Traditionally, American courts have handed down sentences of far less severity to those convicted of spying for "friendlies" than to those who spied for "hostiles." In recent years, people convicted of spying for Britain, Egypt and the Philippines, for example, have received sentences of no more than 6 years--and were paroled halfway through their terms.

Of those convicted of spying for the former Soviet Union, about a dozen received terms of 15 to 30 years, while nine are serving life sentences.

It is unfair, Pollard's advocates say, that he received the same life sentence as that handed down to Aldrich Ames, the KGB's supermole inside the CIA whose information over a 10-year period was directly responsible for the execution of nine clandestine U.S. agents operating inside the USSR.

In fact, some of Pollard's supporters argue that his lengthy sentence resulted from a secret memo from former Defense Secretary Caspar Weinberger. The memo may have alleged a link between Pollard and some of those nine deaths--deaths that investigators now know resulted from Ames' treason, which was not revealed until 1994. Weinberger refuses to comment on his memo, which remains classified.

In Israel, government officials strongly reject any claims that Pollard's espionage had high-level government approval. They insist, as before, that he worked for a rogue operation.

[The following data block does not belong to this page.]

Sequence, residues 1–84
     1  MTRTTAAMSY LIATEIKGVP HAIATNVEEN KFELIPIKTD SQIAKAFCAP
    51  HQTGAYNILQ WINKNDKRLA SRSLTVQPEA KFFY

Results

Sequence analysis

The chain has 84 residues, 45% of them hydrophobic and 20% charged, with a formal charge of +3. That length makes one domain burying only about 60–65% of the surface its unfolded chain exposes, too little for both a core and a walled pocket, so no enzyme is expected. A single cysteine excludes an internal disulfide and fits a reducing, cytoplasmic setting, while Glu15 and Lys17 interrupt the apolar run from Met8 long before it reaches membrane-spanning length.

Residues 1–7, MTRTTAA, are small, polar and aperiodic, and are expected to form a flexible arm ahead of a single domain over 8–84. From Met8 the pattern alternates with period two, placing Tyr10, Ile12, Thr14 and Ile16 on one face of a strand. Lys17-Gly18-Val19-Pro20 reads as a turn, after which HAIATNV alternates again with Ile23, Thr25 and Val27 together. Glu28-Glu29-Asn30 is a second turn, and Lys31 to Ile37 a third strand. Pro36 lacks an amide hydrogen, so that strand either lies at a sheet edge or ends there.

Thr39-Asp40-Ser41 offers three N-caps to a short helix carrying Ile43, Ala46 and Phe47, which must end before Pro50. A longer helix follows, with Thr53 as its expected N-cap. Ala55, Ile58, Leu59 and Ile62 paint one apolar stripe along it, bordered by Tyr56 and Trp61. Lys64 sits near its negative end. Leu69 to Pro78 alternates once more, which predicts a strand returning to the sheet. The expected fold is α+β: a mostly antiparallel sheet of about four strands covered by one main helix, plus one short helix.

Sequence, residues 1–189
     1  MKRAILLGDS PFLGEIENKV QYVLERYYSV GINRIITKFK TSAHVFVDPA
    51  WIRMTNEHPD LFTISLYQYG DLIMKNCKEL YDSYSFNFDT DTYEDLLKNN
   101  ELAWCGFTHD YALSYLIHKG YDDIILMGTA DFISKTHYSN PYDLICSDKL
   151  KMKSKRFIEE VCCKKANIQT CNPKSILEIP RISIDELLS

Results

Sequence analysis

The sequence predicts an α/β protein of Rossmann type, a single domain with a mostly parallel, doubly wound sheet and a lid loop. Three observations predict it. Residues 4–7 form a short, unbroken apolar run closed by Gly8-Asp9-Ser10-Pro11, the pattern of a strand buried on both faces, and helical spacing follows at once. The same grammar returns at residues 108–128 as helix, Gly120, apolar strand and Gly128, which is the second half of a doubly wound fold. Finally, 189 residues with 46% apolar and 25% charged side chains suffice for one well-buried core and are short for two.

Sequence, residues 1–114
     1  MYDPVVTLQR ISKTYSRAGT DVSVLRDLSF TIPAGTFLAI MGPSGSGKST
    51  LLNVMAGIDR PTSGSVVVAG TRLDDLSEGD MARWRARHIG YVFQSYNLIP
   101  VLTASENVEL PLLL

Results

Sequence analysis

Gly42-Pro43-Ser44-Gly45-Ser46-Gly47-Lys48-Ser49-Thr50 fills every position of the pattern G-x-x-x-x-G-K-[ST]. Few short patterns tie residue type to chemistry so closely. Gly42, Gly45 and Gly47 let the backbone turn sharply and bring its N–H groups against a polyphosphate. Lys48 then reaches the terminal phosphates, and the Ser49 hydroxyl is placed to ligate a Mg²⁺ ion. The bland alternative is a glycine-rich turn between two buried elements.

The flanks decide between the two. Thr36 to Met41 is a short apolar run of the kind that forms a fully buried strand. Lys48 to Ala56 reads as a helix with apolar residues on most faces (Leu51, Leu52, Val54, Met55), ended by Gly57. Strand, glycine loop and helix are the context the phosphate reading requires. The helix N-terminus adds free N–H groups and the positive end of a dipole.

"I can't blame anyone in his situation for being bitter and seeking to put the guilt where it doesn't necessarily belong," said David Bar-Illan, a spokesman for Prime Minister Benjamin Netanyahu.

Israeli officials also echo previous statements that the government is doing all it can to work for Pollard's release.

When Pollard's wife staged a 19-day hunger strike in downtown Jerusalem last year, for example, Netanyahu issued a statement, saying in part, "Tell Jonathan not to despair."

Amnon Dror, an elderly Israeli in Tel Aviv, who led the campaign for Pollard's release until a few years ago, doesn't put much faith in a prisoner swap.

"Since he was in prison, we have been trying to exchange spies in vain," Dror explained. "If such a thing would have been possible, it would have been done as we did in the past, quietly."

As for the campaign to free Pollard, Dror said he and others "knocked on every door in Washington."

From Israelis, and the Israeli government as well, he said the effort raised about $3 million. He would not say, however, how much exactly came from the government. Nor would government officials.

"Our problem was never money," Dror explained. "If you told me, 'Give me a million and Jonathan is out,' I would have the money in a short time."

Dror quit the campaign several years ago when Pollard and his new wife began claiming that the effort to free him really was an attempt to silence him, and keep him behind bars.

Esther Pollard, a special education teacher in Toronto, now runs what she describes as a shoe-string effort to release her husband.

Several years ago Pollard divorced his first wife, Anne, who served a brief prison term for her role in the spying.

Since taking Pollard's case three years ago, Dub said he has worked as a volunteer. But he has also submitted bills for several hundred thousand dollars worth of services to the Israeli government. The bills have not been paid.